Roma, 2 mag – “Thanks to the immigrants we can pay our pensions”. How many times have we heard this? Among the supporters of the invasion is a mantra, a good story for all seasons and you would like to give the final blow to the “populist”, relying on our rundown social security system. A story, in fact. Or maybe a fairy tale. Will not, the immigrants shore up INPS accounts? On the contrary: the system is likely to go belly up precisely because of the impact on long-term foreign workers.
It only needs a little common sense to realize that something was not right. Because it is true that immigrants – or at least a part of them – work and then pay contributions. With stable unemployment well over 11% the reasoning is certainly not a logical. But there’s more. Because it is still true that, unlike the Italian workers, immigrants have lower average age and therefore can pay the mite longer. But when what will happen when they retire. In an interview with Libero, Gian Carlo Blangiardo, professor of demography at the University Milano Bicocca, long in the forefront on the problems of an aging population and low birthrate, explains:
“Starting from 2030, extending the outlook on the long-term – we will have a number of people not born in Italy who will reach the age to retire (around 65 years). We speak of about 200 thousand people per year in addition to our children of the baby boom of the 60’s So not only we will be dealing with people born and aged in Italy, but also with foreign born elsewhere and aged here. ” In many, among them 200 thousand, ” have settled in old age – continues Blangiardo – even at forty ‘years. It happens so that these people will be entitled to a pension, but their checks will be extremely low , perhaps below the minimum level of decency. If in fifteen years we will find a lot of people in these conditions, someone – legitimately – will say that these people do not have enough, and you must take action. ” Thinks the professor: “Today the ‘immigration budget may be positive, because we have young people who pay the contributions and not cashing in. We must consider the system of jurisdiction. And that is, to calculate that what is paid today contribution purposes is an anticipation. Immigrants are not giving a contribution to the country: they are pouring in a sum that is there waiting to be returned . ” We’ll get to the point where the system of pensions will be at risk because of the variations of potential retirees. The inputs in the pension system will tend to increase and will grow the gap between who leaves the board (dies) and who receives. ”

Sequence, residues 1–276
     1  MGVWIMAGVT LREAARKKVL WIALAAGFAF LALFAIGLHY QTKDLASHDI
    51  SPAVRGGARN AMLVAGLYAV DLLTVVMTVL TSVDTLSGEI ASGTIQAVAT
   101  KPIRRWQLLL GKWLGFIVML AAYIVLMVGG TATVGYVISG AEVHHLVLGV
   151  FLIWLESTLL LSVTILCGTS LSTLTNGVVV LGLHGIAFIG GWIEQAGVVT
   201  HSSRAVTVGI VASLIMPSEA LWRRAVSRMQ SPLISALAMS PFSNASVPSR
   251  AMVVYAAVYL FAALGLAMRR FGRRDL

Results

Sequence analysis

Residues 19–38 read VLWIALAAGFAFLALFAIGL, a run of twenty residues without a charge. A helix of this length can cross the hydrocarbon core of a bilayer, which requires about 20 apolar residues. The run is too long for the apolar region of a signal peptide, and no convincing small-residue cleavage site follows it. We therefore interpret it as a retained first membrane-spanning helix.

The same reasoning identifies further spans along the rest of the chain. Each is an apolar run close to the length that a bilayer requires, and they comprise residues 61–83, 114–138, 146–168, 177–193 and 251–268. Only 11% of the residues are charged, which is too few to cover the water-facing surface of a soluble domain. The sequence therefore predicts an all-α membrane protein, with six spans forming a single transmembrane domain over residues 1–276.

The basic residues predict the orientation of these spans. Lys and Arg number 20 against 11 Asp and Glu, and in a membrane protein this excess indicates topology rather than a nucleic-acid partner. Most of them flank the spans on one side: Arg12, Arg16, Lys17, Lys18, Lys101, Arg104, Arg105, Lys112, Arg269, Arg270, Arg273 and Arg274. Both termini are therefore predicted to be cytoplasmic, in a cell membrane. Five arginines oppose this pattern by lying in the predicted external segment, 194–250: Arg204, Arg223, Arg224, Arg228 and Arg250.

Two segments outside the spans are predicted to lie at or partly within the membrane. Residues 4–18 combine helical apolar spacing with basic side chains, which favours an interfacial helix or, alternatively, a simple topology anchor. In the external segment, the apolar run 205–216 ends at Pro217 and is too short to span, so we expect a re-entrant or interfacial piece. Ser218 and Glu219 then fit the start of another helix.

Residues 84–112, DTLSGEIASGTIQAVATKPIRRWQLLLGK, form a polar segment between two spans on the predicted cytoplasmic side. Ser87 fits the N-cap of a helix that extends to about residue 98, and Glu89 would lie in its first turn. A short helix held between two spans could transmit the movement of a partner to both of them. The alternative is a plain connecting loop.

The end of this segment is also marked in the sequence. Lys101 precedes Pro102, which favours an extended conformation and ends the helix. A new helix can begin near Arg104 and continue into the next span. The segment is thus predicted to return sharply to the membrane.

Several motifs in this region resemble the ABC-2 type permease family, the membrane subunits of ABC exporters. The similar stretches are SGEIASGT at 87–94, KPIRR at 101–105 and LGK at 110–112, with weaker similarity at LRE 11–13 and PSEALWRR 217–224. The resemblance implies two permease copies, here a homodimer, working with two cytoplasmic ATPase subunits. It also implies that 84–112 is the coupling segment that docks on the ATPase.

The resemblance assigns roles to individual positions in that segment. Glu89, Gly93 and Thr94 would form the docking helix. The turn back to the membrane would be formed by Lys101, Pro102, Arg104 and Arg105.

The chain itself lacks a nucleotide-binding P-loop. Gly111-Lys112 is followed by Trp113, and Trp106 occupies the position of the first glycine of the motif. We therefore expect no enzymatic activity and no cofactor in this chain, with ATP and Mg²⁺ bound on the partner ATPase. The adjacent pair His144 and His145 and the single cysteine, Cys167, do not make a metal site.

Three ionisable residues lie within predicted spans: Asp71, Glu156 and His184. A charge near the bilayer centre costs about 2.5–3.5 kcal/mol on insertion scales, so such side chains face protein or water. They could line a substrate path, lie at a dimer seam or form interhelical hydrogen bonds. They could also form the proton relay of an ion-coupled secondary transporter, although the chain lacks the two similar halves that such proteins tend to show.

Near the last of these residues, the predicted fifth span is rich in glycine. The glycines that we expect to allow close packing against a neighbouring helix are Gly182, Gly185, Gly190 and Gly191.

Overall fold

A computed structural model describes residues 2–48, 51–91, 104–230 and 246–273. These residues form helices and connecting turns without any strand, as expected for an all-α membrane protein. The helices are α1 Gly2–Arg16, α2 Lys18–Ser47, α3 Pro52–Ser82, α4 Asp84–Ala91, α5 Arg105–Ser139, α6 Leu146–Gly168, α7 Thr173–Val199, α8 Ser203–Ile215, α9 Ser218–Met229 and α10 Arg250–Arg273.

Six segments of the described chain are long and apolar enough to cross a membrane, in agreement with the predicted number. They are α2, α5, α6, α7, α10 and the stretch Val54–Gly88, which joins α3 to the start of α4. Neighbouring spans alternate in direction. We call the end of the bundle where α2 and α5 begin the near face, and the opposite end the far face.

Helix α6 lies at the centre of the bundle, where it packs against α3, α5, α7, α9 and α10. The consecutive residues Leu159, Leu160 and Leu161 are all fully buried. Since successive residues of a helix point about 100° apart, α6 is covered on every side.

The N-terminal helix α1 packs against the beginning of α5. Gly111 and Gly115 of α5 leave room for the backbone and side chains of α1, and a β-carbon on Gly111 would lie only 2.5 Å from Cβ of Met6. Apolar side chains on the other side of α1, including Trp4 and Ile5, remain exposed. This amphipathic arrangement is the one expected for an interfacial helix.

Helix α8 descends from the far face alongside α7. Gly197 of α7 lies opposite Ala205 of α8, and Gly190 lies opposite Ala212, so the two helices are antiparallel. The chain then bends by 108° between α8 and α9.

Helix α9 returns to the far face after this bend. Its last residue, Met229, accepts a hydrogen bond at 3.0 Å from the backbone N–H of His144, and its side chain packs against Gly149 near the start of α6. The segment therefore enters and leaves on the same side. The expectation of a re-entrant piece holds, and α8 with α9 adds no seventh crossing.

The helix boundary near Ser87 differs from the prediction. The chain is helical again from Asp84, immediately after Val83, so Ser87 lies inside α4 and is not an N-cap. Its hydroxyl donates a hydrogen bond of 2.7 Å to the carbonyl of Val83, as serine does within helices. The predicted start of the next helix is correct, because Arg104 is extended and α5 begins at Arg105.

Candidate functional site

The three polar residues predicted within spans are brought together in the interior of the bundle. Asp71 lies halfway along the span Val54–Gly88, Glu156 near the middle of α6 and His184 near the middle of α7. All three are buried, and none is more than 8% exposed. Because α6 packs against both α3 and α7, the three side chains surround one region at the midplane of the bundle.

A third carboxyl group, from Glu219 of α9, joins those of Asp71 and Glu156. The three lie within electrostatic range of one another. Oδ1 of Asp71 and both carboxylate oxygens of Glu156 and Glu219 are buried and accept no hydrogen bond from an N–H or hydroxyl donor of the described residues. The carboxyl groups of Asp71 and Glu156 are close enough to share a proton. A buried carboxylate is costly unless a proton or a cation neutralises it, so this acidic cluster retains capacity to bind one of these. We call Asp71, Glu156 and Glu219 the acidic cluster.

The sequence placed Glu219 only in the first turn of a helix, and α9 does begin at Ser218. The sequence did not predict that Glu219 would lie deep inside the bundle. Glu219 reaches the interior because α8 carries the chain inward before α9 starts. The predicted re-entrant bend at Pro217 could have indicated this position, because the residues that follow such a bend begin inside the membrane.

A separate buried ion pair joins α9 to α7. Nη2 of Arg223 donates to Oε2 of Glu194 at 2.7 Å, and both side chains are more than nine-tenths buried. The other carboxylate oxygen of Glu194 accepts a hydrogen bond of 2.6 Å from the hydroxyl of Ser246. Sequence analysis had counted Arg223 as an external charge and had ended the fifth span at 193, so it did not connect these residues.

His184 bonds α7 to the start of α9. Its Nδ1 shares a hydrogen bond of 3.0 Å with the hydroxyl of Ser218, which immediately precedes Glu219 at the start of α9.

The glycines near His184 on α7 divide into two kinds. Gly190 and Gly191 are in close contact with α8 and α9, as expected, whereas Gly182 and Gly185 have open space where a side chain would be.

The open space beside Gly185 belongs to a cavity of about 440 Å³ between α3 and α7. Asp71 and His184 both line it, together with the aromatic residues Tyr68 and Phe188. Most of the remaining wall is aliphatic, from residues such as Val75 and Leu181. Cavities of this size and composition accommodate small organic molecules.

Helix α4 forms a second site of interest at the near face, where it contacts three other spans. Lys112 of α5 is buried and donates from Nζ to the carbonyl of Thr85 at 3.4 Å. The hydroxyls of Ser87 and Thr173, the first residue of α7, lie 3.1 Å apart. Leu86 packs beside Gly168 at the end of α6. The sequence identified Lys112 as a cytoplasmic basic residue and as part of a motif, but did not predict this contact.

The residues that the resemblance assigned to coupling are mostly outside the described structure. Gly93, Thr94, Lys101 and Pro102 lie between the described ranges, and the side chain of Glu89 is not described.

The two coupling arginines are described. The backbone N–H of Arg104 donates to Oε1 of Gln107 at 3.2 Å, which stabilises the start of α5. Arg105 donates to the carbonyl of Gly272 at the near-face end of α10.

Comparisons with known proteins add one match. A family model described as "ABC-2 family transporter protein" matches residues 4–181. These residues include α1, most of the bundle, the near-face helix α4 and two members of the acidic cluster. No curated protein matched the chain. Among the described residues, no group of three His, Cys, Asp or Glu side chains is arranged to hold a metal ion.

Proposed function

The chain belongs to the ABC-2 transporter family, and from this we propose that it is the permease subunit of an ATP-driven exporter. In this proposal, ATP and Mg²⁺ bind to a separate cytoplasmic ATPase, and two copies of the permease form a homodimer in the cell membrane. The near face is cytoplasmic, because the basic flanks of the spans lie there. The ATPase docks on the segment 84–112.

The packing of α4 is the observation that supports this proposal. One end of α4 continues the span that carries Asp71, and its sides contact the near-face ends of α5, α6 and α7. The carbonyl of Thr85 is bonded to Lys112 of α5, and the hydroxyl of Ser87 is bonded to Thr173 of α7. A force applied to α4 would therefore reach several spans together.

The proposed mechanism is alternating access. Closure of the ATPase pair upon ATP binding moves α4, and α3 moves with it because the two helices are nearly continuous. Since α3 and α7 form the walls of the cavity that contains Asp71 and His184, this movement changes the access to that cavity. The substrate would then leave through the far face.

All good intentions, in short, clash with the long-term prospects. Because immigrants, although they are currently considered by troops as a feel-good resource for INPS payments, will also retire . And the nodes will then come home to roost. To address the situation, explains always Blangiardo, “we would need flows of immigrants to be pumped constantly in, at the rate of at least 400-500 thousand people per year”, which, however, would give “a number of side issues: how do you integrate such a large number of people? “